For developers, only in the last few years has it become practical to leverage the combination of embedded technologies like the power-efficient, developer-friendly mobile application processor with the flexibility and raw “horsepower” of programmable logic (i.e., field-programmable gate arrays, which have historically been reserved for the aerospace/defense and telecommunication industries) at scales never previously imagined. And with rapidly growing developer communities, the platforms built around these technologies are directly facilitating the advancement of automation, and doing it all under a single silicon “roof.” There’s little doubt that increasing access to these new tools will usher in a more nimble, intelligent, safe, and affordable wave of robotics.

Looking forward, automation will undoubtedly continue to play an ever-increasingly central role in day-to-day life. As a result, careful consideration must be given to facilitating human-machine (and machine-machine) collaboration in order to accelerate innovation and overcome the technical and societal impacts bred from the disruption of the status quo. The pieces are already there, now it’s time to assemble them.

This article appears in Circuit Cellar 320.

Ryan Cousins is cofounder and CEO of krtkl, Inc. (“critical”), a San Francisco-based embedded systems company. The krtkl team created snickerdoodle—an affordable and highly reconfigurable platform for developing mechatronic, audio/video, computer vision, networking, and wireless communication systems. Ryan has a BS in mechanical engineering from UCLA.  He has experience in R&D, project management, and business development in the medical and embedded systems industries. Learn more at or

Member Profile: Walter O. Krawec

Walter O. Krawec

Walter O. Krawec

Upstate New York

Research Assistant and PhD Student, Stevens Institute of Technology

Walter has been reading Circuit Cellar since he got his first issue in 1999. Free copies were available at the Trinity College Fire Fighting Robot Contest, which was his first experience with robotics. Circuit Cellar was the first magazine for which he wrote an article (“An HC11 File Manager,” two-part series, issues 129 and 130, 2001).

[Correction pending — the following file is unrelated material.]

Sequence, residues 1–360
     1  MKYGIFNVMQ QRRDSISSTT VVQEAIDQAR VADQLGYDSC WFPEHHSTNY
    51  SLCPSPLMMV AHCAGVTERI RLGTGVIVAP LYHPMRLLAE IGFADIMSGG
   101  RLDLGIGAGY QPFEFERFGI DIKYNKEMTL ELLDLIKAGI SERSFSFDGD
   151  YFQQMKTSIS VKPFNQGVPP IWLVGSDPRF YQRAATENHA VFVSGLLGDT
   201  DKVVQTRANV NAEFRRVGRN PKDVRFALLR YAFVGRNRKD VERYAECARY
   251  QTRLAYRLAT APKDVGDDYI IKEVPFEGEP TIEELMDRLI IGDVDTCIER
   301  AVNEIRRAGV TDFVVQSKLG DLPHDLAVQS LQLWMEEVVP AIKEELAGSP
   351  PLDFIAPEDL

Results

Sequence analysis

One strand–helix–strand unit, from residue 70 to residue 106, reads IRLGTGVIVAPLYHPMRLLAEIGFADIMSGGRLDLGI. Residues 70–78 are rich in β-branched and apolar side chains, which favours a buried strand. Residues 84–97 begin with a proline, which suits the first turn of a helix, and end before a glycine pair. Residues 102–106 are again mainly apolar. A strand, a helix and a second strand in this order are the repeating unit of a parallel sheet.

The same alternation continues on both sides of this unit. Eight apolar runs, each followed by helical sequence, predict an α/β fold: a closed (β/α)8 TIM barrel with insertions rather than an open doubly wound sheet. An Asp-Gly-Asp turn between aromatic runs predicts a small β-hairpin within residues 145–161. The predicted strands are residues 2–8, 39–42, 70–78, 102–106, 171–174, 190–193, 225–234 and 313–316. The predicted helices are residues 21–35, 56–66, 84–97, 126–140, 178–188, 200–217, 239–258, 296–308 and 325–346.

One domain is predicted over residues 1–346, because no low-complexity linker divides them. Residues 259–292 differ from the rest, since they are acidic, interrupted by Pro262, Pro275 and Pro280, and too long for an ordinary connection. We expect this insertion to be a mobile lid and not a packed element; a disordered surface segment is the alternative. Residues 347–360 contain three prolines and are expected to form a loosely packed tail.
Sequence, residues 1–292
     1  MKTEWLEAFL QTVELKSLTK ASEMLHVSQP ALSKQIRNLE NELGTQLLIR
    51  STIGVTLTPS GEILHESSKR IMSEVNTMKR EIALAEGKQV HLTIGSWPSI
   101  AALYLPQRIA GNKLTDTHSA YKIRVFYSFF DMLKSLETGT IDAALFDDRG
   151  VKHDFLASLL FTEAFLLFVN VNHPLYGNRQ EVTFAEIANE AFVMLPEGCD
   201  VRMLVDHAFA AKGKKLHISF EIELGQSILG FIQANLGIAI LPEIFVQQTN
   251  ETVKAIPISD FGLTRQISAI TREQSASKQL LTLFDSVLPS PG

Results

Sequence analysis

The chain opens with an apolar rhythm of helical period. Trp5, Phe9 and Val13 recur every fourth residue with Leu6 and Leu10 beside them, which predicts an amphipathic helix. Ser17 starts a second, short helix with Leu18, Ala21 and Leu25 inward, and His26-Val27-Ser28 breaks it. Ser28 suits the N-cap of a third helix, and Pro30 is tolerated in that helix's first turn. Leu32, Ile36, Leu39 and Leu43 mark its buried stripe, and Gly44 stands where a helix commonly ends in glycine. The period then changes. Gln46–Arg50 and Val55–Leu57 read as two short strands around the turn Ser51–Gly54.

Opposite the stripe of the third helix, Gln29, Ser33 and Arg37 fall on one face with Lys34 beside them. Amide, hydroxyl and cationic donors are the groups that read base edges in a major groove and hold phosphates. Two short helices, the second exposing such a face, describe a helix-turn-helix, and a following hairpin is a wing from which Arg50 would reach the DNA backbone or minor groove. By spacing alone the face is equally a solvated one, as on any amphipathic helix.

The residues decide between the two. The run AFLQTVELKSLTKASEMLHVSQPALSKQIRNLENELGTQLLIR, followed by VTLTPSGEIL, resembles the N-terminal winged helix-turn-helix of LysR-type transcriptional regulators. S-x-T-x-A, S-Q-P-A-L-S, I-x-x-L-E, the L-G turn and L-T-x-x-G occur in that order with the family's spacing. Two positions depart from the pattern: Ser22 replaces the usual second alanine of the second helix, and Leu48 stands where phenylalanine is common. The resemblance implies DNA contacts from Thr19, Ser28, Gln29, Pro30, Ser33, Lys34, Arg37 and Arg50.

Robotics, among other things. He is particularly interested in developmental and evolutionary robotics (where the robot’s strategies, controllers, and so forth are evolved instead of programmed in directly).

Walter is enjoying his Raspberry Pi. “What a remarkable product! I think it’s great that I can take my AI software, which I’ve been writing on a PC, copy it to the Raspberry Pi, compile it with GCC, then off it goes with little or no modification!”

Walter is designing a new programming language and interpreter (for Windows/Mac/Linux, including the Raspberry Pi) that uses a simulated quantum computer to drive a robot. “What better way to learn the basics of quantum computing than by building a robot around one?” The first version of this language is available on his website ( He has plans to release an improved version.

Walter said he is amazed with the power of the latest embedded technology, for example the Raspberry Pi. “For less than $40 you have a perfect controller for a robot that can handle incredibly complex programs. Slap on one of those USB battery packs and you have a fully mobile robot,” he said. He used a Pololu Maestro to interface the motors and analog sensors. “It all works and it does everything I need.” However, he added, “If you want to build any of this yourself by hand it can be much harder, especially since most of the cool stuff is surface mount, making it difficult to get started.”